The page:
I'm not sure how it happened, but my window installer started balling in my bedroom today. For a year and a half, I had been trying to get him to replace faulty jamb liners in the windows he installed. He simply dropped the ball (for a very long time) and after I complained to the contracting license board, five days later he was at my front door.
It's not like he disagreed with me. He told me a year and a half ago that he no longer uses my jamb liners and that he would replace mine with ones that worked. Unfortunately, it took a formal complaint to get him to do what he promised.
I have to admit when I saw him at my door, my blood was boiling. He came over to measure so he could fix the problem but I just had to know...Why didn't you respond to my calls or e-mails for the past year? Of course he couldn't answer. We went at it for about 10 minutes. It ended with him saying, "I draw the line. You're insulting my child." I'm not sure where that one came from but I realized then and there that my jamb liners and me were not the reason he didn't respond. There was something else going on.
I found out that he was overwhelmed with personal issues-- a sick baby, his dad had to leave the country to have surgery, he felt anxious about his dual responsibilities managing his install business plus his dad's window shop, being a new father... It all compounded and the client with the crappy jamb liners is one of many balls (I would assume) that was dropped.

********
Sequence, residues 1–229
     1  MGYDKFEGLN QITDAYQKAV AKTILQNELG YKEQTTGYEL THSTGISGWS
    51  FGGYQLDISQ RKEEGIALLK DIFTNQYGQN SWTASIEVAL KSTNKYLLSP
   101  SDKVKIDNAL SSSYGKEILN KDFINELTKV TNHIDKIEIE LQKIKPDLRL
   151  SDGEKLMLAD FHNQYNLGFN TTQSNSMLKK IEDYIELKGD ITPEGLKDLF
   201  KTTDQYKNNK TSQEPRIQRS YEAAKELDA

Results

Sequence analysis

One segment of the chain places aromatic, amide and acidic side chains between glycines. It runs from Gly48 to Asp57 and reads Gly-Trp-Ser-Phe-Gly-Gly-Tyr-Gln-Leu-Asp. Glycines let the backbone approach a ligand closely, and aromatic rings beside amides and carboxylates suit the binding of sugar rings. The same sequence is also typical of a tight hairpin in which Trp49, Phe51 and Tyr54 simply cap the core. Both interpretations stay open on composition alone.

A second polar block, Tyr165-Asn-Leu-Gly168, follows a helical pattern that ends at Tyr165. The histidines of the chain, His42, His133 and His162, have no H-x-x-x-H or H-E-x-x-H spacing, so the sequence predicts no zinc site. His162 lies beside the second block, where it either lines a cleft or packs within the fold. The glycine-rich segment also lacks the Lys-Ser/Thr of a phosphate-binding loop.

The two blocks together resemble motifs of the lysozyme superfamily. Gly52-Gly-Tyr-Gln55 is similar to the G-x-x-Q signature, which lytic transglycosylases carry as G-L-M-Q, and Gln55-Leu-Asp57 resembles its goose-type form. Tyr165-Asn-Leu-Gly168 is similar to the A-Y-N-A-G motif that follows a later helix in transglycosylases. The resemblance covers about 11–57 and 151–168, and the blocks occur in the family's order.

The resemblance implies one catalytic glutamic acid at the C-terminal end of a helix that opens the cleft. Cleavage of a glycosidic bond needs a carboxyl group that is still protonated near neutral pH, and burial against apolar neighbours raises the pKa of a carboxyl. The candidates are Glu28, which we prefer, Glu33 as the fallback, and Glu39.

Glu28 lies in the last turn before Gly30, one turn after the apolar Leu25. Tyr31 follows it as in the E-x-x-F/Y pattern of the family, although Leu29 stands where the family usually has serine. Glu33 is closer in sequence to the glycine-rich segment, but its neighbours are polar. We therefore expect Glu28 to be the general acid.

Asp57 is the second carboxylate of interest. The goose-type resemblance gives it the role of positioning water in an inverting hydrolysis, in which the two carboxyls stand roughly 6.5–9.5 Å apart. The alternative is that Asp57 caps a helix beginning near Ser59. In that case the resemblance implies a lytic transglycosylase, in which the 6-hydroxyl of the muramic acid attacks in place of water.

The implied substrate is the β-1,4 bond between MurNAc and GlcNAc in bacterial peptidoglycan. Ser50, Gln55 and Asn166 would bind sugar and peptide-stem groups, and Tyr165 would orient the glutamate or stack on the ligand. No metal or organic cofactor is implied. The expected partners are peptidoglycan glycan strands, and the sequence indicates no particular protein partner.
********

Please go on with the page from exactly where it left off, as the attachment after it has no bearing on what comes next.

As he told me about his feelings, he started crying. I told him I was sorry I got so upset and that it was OK. We could start over now. I understand that in the scheme of life, windows are just windows and that what really matters in life is people. He said he understood why I was so upset and that he would have been upset too. We both promised each other a clean slate. I told him that everybody makes mistakes and that it's important to learn from them. I told him that if life overwhelms him again, he should pick up the phone and be honest with his customers. I think he understood and we made up with a hand shake.
In the end, the whole experience reminded me that the business of remodeling homes involves people. People have other lives outside your remodel project. They have illnesses to cope with; they have work and family lives to balance; they have problems finding answers; they have "to do lists" that go unchecked. They're just people.
It also reminded me of how important communication is. No one is perfect. No one gets it all done perfectly every time, but when you're in the service business it's important to be honest and to tell people what's going on. Even if it's not the answer they want to hear honesty is always the best policy.